Kwame Asare Obeng, a.k.a “A Plus” a staunch supporter and now frenemy of President Nana Akufo-Addo has stated that the loan the Government of Ghana repaid to boxer David Kotei [DK Poison] should have been paid with interest.
He added that he cannot comprehend why the retired boxer should receive the initial amount he loaned the country in 1976 without any interest.
D.K Poison, the first-ever Ghanaian boxer to win an international title, had been chasing the money for all this while but President Akufo-Addo on Tuesday gave an order to the Ministry of Finance to repay the loan.
D.K. Poison said that he earned a purse of $75,000 from an international bout but was paid an amount of 34,000 old cedis, through a transfer at the then Barclays Bank, which was equivalent to $30,000 at the time.
The loan to Col. I.K. Acheampong’s administration was advanced purely on a gentleman’s agreement basis with officials of the then military administration way back in Tokyo, Japan where D.K. Poison won his second title defence against Shigefumi Fukuyama.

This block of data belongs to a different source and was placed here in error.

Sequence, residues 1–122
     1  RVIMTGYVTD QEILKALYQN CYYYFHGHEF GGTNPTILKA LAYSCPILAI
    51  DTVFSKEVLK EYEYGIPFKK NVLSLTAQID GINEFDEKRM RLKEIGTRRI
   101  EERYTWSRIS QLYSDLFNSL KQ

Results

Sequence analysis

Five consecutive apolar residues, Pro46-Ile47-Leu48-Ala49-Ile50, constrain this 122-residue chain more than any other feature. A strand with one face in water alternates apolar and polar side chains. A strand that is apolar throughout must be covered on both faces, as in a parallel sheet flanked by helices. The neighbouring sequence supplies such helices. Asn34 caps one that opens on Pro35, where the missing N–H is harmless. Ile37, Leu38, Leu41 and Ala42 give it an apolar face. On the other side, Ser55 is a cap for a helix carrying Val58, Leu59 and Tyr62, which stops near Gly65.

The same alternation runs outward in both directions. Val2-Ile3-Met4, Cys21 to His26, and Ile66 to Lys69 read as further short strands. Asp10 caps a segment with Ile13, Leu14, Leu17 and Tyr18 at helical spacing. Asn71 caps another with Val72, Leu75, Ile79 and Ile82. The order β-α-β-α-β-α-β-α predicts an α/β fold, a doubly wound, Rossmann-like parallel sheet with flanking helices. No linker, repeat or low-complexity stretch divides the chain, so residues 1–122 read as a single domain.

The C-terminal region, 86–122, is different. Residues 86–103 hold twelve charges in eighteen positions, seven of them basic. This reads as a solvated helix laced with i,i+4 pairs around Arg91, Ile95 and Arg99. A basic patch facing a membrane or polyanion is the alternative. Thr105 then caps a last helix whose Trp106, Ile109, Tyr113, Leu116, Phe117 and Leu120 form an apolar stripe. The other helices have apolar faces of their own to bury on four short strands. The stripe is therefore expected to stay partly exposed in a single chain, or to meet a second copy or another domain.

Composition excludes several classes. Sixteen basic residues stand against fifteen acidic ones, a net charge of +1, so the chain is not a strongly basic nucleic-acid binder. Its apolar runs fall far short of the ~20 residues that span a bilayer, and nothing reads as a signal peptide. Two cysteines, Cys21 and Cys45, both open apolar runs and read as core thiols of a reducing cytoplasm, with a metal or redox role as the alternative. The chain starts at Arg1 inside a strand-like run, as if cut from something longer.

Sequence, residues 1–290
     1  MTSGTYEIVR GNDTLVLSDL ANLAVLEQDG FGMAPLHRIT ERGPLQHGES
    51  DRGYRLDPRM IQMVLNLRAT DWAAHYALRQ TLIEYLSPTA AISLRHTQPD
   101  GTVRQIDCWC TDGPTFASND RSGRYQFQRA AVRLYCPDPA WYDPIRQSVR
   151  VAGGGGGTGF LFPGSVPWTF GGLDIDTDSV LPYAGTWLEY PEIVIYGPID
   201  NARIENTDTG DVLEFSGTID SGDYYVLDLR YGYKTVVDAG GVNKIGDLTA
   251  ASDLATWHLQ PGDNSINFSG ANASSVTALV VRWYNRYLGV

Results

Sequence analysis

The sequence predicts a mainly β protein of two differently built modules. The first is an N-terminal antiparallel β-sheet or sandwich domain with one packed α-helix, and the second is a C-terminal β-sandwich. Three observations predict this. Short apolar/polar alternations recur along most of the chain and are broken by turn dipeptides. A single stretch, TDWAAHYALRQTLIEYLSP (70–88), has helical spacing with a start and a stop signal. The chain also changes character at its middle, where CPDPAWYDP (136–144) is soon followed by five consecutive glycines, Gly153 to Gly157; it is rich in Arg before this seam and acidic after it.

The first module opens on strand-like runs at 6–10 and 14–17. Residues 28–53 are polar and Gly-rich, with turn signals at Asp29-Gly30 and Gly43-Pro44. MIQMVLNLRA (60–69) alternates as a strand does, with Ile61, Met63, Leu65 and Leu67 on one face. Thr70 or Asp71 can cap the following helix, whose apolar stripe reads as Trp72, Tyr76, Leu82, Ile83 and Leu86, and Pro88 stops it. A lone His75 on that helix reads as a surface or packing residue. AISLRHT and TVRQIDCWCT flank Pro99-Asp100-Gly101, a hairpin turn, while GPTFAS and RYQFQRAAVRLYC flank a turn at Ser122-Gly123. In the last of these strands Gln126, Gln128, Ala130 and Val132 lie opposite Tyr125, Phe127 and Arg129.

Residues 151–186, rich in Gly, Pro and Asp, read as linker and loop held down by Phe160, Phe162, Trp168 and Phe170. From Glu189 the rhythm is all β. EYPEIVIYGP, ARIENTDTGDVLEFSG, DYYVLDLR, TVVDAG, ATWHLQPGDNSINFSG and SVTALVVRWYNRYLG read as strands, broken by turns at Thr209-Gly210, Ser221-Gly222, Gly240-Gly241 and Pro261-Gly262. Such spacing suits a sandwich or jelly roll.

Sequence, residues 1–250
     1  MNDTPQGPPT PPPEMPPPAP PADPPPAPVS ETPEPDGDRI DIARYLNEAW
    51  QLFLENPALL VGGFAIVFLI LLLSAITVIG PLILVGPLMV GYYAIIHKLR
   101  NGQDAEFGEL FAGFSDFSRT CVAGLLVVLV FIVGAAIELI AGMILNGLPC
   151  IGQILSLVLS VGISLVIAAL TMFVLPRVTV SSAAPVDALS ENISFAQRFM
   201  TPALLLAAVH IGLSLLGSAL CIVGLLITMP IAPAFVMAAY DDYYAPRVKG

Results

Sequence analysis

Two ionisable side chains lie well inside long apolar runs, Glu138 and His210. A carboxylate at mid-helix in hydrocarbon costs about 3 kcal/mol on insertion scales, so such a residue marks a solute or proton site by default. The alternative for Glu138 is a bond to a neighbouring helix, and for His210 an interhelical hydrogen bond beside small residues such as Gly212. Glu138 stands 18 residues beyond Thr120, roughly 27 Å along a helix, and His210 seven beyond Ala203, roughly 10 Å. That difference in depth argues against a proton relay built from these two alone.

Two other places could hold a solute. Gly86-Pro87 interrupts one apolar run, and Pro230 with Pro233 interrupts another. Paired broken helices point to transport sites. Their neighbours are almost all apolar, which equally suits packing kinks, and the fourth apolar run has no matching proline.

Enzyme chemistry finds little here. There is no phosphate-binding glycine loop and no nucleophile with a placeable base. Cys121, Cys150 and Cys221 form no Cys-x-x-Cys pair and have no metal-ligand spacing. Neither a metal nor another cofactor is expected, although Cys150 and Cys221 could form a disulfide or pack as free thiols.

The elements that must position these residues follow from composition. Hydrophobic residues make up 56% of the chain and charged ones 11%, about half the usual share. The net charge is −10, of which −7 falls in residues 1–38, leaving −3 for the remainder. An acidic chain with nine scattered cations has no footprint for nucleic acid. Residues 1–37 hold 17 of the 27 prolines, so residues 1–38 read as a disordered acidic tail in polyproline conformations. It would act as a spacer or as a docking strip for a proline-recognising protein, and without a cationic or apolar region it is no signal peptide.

A Plus, in reacting to the news, lauded President Akufo-Addo for the move but insisted the Government of Ghana should pay Poison with interest.
He wrote on his Facebook Timeline: “Nana Addo has done well by paying back the money DK Poison loaned to Ghana. But you see, if it were a politician the government owed for this long they would have calculated interest or even paid judgement debt. You took a loan from someone 44 years ago to save an economy which was at the brink of collapse. After 44 years of putting him through hell, why will you give him the same amount? At least montwa no 100k dollar.”
A Plus continued: “No government made any effort to pay him so Nana has done very well. But Charley, they for add small interest. This amount koraaa people go tear tear their affairs for inside before the man go receive am. The one wey go reach am go be like twenty-five thousand.”
D.K. Poison has reportedly told the media that he had been pursuing the amount for years and is therefore grateful for the repayment of the loan despite not receiving interest.